Skip to main content Accessibility help
×
Home
Hostname: page-component-684899dbb8-4btjb Total loading time: 0.686 Render date: 2022-05-28T06:52:25.511Z Has data issue: true Feature Flags: { "shouldUseShareProductTool": true, "shouldUseHypothesis": true, "isUnsiloEnabled": true, "useRatesEcommerce": false, "useNewApi": true }

The effect of macronutrients on glycaemic control: a systematic review of dietary randomised controlled trials in overweight and obese adults with type 2 diabetes in which there was no difference in weight loss between treatment groups

Published online by Cambridge University Press:  28 September 2015

Amir Emadian*
Affiliation:
School of Sport, Exercise and Rehabilitation Sciences, University of Birmingham, Edgbaston, Birmingham B15 2TT, UK
Rob C. Andrews
Affiliation:
School of Clinical Sciences, University of Bristol, Bristol BS10 5NB, UK
Clare Y. England
Affiliation:
Centre for Exercise, Nutrition and Health Sciences, University of Bristol, Bristol BS8 1TZ, UK
Victoria Wallace
Affiliation:
School of Psychology, University of Birmingham, Edgbaston, Birmingham B15 2TT, UK
Janice L. Thompson
Affiliation:
School of Sport, Exercise and Rehabilitation Sciences, University of Birmingham, Edgbaston, Birmingham B15 2TT, UK
*
*Corresponding author: A. Emadian, email ahe299@bham.ac.uk
Rights & Permissions[Opens in a new window]

Abstract

Weight loss is crucial for treating type 2 diabetes mellitus (T2DM). It remains unclear which dietary intervention is best for optimising glycaemic control, or whether weight loss itself is the main reason behind observed improvements. The objective of this study was to assess the effects of various dietary interventions on glycaemic control in overweight and obese adults with T2DM when controlling for weight loss between dietary interventions. A systematic review of randomised controlled trials (RCT) was conducted. Electronic searches of Medline, Embase, Cinahl and Web of Science databases were conducted. Inclusion criteria included RCT with minimum 6 months duration, with participants having BMI≥25·0 kg/m2, a diagnosis of T2DM using HbA1c, and no statistically significant difference in mean weight loss at the end point of intervention between dietary arms. Results showed that eleven studies met the inclusion criteria. Only four RCT indicated the benefit of a particular dietary intervention over another in improving HbA1c levels, including the Mediterranean, vegan and low glycaemic index (GI) diets. However the findings from one of the four studies showing a significant benefit are questionable because of failure to control for diabetes medications and poor adherence to the prescribed diets. In conclusion there is currently insufficient evidence to suggest that any particular diet is superior in treating overweight and obese patients with T2DM. Although the Mediterranean, vegan and low-GI diets appear to be promising, further research that controls for weight loss and the effects of diabetes medications in larger samples is needed.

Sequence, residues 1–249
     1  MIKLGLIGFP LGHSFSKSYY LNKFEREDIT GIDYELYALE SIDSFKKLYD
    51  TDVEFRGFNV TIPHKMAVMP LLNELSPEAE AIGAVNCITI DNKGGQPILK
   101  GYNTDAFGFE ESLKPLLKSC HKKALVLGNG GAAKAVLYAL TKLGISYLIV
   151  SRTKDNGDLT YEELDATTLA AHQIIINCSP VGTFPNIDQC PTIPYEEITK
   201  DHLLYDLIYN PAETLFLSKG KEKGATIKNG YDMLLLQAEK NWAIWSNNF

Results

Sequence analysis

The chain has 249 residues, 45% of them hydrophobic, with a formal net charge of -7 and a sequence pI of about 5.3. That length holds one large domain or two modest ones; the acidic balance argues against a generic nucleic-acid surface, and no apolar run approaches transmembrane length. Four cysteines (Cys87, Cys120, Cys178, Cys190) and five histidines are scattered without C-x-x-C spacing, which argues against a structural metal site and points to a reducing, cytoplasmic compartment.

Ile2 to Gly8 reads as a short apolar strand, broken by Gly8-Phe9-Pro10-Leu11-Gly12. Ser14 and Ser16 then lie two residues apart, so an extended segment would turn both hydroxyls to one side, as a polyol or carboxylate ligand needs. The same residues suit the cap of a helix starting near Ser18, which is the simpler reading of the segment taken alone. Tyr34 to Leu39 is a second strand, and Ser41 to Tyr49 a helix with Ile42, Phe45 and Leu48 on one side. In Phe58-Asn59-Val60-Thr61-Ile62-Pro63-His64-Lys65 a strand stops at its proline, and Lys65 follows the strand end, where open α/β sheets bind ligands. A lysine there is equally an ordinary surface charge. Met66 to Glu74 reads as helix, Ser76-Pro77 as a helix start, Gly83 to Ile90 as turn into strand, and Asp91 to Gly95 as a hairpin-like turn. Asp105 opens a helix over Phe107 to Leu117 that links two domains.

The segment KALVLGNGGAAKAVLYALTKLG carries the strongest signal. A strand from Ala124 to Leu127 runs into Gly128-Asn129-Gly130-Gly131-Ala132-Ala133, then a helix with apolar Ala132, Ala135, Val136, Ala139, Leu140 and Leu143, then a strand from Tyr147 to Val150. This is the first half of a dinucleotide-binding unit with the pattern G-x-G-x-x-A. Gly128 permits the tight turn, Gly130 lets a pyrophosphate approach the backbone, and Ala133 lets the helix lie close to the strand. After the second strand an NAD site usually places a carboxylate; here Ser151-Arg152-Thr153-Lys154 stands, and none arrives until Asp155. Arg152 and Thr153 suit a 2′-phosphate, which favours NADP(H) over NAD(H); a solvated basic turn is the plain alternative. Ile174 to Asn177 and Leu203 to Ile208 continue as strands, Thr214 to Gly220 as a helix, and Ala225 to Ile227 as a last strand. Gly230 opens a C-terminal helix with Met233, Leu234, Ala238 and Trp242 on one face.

Type
Full Papers
Creative Commons
Creative Common License - CCCreative Common License - BY
The online version of this article is published within an Open Access environment subject to the conditions of the Creative Commons Attribution license <http://creativecommons.org/licenses/by/3.0/>.
Copyright
Copyright © The Authors 2015